- The creatures are stumping scientists and frustrating fishers
- Their impact on the ecosystem is still unknown
(CNN)Dude! There's something totally tubular about the West Coast right now.
It's the sea pickle. Many, many sea pickles, actually.
The translucent -- and tubular -- creatures are actually called pyrosomes. They are appearing in unusually large numbers in western coastal waters from California to Alaska, posing serious problems for fisherman and puzzling scientists.
"There's been unusual things happening in the ocean," said Michael Milstein, a spokesman for the National Oceanic and Atmospheric Administration.
While no one knows for sure, the plethora of pyrosomes is most likely a result of a change in water temperature. "Somehow these guys drifted into the picture and multiplied ... it's still something of a puzzle," Milstein said.
Warming waters may be the cause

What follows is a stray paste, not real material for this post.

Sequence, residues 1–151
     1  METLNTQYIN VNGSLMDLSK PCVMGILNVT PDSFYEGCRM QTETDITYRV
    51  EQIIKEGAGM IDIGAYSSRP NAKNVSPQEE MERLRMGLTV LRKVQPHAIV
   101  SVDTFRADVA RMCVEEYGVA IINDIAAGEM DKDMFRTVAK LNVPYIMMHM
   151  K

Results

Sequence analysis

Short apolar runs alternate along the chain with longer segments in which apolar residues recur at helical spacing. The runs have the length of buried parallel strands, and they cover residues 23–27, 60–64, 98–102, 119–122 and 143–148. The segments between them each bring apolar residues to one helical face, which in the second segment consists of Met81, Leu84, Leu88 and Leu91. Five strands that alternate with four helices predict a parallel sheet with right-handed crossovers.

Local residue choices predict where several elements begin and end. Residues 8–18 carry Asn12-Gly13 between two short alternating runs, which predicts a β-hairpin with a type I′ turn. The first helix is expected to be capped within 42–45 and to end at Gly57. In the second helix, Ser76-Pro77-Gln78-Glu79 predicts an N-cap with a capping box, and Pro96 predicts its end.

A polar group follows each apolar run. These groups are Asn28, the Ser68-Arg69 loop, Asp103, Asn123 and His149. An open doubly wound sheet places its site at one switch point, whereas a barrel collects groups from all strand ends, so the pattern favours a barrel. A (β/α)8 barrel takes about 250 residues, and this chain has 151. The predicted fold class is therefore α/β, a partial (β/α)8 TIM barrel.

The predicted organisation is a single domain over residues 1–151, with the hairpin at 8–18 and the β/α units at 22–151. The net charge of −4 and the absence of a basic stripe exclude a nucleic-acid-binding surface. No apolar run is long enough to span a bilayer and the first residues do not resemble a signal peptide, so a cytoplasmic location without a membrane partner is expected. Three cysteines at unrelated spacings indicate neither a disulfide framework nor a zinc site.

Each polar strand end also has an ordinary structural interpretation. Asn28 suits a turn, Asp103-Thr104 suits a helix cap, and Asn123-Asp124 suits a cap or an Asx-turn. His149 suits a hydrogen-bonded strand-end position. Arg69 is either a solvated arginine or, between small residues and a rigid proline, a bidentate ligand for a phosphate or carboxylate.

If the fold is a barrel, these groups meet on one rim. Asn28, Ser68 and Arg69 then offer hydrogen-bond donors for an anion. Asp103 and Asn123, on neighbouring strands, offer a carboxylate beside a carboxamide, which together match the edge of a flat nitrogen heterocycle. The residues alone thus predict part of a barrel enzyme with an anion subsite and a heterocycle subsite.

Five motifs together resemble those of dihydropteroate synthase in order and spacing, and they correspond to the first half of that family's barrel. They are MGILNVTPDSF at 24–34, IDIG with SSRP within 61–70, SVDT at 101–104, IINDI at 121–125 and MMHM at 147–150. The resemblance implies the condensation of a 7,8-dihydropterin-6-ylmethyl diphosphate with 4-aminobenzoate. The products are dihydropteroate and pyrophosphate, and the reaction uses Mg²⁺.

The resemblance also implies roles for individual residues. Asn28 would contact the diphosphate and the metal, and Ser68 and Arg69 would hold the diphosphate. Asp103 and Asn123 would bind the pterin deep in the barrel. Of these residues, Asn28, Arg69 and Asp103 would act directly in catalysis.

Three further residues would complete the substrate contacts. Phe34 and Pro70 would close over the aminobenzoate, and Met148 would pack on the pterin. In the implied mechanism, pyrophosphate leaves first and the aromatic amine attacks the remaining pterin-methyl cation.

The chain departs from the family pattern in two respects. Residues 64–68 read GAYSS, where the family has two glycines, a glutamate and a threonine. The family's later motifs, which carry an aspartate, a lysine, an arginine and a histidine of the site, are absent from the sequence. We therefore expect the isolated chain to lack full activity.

Pyrosomes are usually found in more tropical waters, but started to appear on the West Coast in 2014. They are made of many small multicellular organisms, "linked together in a tunic to form a tubelike colony that is closed on one end," according to a release from the Northwest Fisheries Science Center.
A research trip by NOAA in May showed large populations of pyrosomes stretching from approximately 40 to 200 miles off the Oregon coast.
Aaron Baldwin, a fishery biologist for the Alaska Department of Fish and Game, said fishermen were seeing pyrosomes "every few inches."
"They were reporting them everywhere," he said.
Milstein said the beauty of the creatures can be startling. "When looking at underwater pics of these guys, it's kinda like looking at the stars."
Not only are pyrosomes large in numbers, they can also be more than two feet long, leading to complications for fishing boats. Milstein said he's heard of fishermen towing a net for five minutes and picking up 60,000 pyrosomes. "We've heard stories of some nets breaking under the weight of these things."
According to Baldwin, the pyrosomes first appeared this February, stopping some fishermen in their tracks. "People were not fishing," Baldwin said, "just returning to port."
While the number of pyrosomes is down in Alaska from where it was earlier in the year, Baldwin said people are still feeling the impact they had. "Some of these seasons are pretty short," he said. "So delays like this can have a big impact."